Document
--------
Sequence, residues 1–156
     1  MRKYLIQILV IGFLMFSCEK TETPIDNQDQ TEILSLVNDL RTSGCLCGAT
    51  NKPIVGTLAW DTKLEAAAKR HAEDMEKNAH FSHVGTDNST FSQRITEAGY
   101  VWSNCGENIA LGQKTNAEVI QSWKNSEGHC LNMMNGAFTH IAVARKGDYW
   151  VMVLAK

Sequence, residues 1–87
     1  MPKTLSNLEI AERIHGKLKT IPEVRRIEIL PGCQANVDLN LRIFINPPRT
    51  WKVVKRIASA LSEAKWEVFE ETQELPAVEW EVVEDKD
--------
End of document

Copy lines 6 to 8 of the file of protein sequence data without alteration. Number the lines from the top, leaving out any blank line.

Sequence, residues 1–87
     1  MPKTLSNLEI AERIHGKLKT IPEVRRIEIL PGCQANVDLN LRIFINPPRT
    51  WKVVKRIASA LSEAKWEVFE ETQELPAVEW EVVEDKD